Professor in Pharmaceutical Sciences 

School of Pharmacy
6125 Rennebohm Hall

Research Interests:Alzheimer’s. Amyotrophic Lateral Sclerosis. Huntington’s. Parkinson’s. Autoimmune Disease. How Antioxidant Response Element (ARE)-driven genes block cell death.


The focus of my laboratory is Molecular Neuropharmacology/Neurotoxicology. Oxidative stress is believed to be a principal factor in the development of many chronic neurodegenerative diseases such as Alzheimer’s, Parkinson’s, Huntington’s and Amyotrophic Lateral Sclerosis. In general, oxidative stress can be defined as an imbalance in which free radicals and their products exceed the capacity cellular antioxidant defense mechanisms. A gain in product formation or loss in protective mechanisms can disturb this equilibrium leading to programmed cell death (PCD). PCD occurs normally with the aging process but appears to be accelerated in chronic neurodegenerative diseases due in part to increased oxidative stress. My laboratory’s goal is to discover ways to increase the defense mechanisms in brain by activating multiple antioxidant defense genes simultaneously through activation of the antioxidant response element (ARE) – a process we refer to as programmed cell life (PCL). Any increase in the forces that drive PCD therefore must be balanced by increasing the forces driving PCL or the cell will die. Present work in the laboratory is designed to: 1) Identification of novel small molecules that activate the Nrf2-ARE pathway; 2) Characterize the expression pattern and regulation of the ARE in vivo and in primary neuronal and glial cultures derived from ARE transgenic reporter mice; 3) determine the neuroprotective efficacy of transplanted astrocytes and/or neural progenitor cells overexpressing Nrf2; 4) characterize the how changes in glutathione levels effect neurodegeneration; and 5) determine the effect of soluble amyloid precursor protein cleavage products on gene expression and neuronal survival. The laboratory is actively using chemical and genetic models of Parkinson’s disease, Alzheimer’s disease, Huntington’s disease, Amyotrophic Lateral Sclerosis (Lou Gehrig’s disease), and Epilepsy.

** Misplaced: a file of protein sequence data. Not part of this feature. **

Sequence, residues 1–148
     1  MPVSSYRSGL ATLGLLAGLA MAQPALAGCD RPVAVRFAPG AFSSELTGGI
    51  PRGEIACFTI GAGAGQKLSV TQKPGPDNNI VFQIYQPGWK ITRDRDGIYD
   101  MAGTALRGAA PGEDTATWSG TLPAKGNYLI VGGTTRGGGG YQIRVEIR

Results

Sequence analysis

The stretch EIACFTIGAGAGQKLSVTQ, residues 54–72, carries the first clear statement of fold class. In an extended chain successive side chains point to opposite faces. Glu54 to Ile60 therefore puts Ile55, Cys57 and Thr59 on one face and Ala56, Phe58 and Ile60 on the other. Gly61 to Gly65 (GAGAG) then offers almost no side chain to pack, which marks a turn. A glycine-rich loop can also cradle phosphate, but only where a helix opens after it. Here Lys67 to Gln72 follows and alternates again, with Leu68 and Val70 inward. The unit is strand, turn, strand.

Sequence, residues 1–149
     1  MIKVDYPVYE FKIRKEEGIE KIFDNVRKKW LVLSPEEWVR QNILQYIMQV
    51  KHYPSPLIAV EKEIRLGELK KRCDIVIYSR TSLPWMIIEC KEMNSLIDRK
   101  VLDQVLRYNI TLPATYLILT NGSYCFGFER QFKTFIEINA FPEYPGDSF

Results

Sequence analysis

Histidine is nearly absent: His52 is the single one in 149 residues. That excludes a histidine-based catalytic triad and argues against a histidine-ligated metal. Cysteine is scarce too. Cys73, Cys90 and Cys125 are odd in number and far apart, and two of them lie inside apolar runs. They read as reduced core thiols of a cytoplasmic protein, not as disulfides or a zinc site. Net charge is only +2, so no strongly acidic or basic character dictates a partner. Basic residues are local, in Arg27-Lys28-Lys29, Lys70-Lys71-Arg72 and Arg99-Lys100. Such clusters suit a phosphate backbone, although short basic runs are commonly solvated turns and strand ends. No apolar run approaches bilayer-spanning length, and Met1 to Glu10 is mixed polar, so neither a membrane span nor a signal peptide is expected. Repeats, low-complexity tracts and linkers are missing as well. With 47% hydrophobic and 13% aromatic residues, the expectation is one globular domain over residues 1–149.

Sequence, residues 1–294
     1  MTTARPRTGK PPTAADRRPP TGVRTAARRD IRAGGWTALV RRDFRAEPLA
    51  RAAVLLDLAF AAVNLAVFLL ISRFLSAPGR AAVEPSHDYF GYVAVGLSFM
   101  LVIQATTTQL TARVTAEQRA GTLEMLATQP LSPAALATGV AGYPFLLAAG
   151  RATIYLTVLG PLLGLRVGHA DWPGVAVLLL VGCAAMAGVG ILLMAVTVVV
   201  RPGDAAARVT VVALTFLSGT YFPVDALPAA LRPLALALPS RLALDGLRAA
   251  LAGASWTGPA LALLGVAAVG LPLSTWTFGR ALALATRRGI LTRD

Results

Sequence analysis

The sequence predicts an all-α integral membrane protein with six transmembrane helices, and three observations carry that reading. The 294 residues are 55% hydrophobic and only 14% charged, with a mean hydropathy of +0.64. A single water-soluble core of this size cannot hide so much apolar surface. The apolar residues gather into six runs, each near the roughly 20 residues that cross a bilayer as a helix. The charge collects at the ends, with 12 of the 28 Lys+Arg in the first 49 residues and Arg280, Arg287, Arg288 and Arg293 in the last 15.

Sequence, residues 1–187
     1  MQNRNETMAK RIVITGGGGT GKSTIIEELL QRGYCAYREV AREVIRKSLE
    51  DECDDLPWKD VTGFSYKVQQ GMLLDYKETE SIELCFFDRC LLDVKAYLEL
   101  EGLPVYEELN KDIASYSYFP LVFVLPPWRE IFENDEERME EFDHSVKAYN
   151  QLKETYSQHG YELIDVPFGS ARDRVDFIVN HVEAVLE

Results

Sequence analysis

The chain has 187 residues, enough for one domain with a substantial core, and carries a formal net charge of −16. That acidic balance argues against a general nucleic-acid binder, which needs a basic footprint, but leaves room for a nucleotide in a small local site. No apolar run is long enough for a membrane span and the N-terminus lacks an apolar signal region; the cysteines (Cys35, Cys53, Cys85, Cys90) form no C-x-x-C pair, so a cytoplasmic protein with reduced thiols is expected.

• Yang DT, Joshi G, Cho PY, Johnson JA, Murphy RM (2013). Transthyretin as both Sensor and Scavenger of Abeta Oligomers. Biochemistry, 52(17):2849-61.
  • Fischedick JT, StandifordM, Johnson DA, Johnson JA (2013). Structure activity relationship of phenolic diterpenes from Salvia officinalis as activators of the nuclear factor E2-related factor 2 pathway. Bioorg Med Chem. 21(9):2618-22.
  • Vargas MR, Burton NC, Johnson DA, Schäfer M, Werner S, Messing A, Johnson JA (2013). Absence of Nrf2 or its selective over-expression in neuronal and muscle cells does not affect survival in ALS-linked mutant hSOD1 mouse models. PLoS One 8(2):e56625.
  • Zhang L, Johnson DA, Johnson JA (2013). Deletion of Nrf2 impairs functional recovery, reduces clearance of myelin debris and decreases axonal remyelination after peripheral nerve injury. Neurobiol Dis. 54:329-38.
  • Gan L, Vargas MR, Johnson DA, Johnson JA (2012). Astrocyte-specific Overexpression of Nrf2 Delays Motor Pathology and Synuclein Aggregation throughout the CNS in the Alpha-synuclein Mutant (A53T) Mouse Model. J. Neurosci. 32(49): 17775-17787.
  • Williamson TP, Amirahmadi S, Joshi G, Kaludov NK, Martinov MN, Johnson DA, Johnson JA. (2012). Discovery of potent, novel Nrf2 inducers via quantum modeling, virtual screening and in vitro experimental validation. Chemical Biology and Drug Design, 80(6):810-20.
  • Williamson TP, Johnson DA, Johnson JA. (2012). Activation of the Nrf2-ARE pathway by siRNA knockdown of Keap1 reduces oxidative stress and provides partial protection from MPTP-mediated neurotoxicity. Neurotoxicology, 33(3):272-9.

Mentor to METC Graduate Students:

  • Marcus Calkins (2008).
  • Jong-Min Lee (2003)

Mentor to METC Post-Doc:

  • Neal Burton (2008-2010).
  • Jon Kern (2004).
  • Julie Kern (2004)